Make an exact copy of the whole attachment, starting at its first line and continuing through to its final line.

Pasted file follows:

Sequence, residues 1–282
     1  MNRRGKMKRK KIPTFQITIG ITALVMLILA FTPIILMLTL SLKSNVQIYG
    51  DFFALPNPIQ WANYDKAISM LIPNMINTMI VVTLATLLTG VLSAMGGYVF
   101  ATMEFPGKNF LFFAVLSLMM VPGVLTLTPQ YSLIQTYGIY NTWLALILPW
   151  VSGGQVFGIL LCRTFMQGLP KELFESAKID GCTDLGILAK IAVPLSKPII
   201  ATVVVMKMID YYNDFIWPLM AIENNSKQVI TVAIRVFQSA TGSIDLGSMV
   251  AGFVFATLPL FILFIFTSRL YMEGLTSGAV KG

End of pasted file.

Sequence, residues 1–282
     1  MNRRGKMKRK KIPTFQITIG ITALVMLILA FTPIILMLTL SLKSNVQIYG
    51  DFFALPNPIQ WANYDKAISM LIPNMINTMI VVTLATLLTG VLSAMGGYVF
   101  ATMEFPGKNF LFFAVLSLMM VPGVLTLTPQ YSLIQTYGIY NTWLALILPW
   151  VSGGQVFGIL LCRTFMQGLP KELFESAKID GCTDLGILAK IAVPLSKPII
   201  ATVVVMKMID YYNDFIWPLM AIENNSKQVI TVAIRVFQSA TGSIDLGSMV
   251  AGFVFATLPL FILFIFTSRL YMEGLTSGAV KG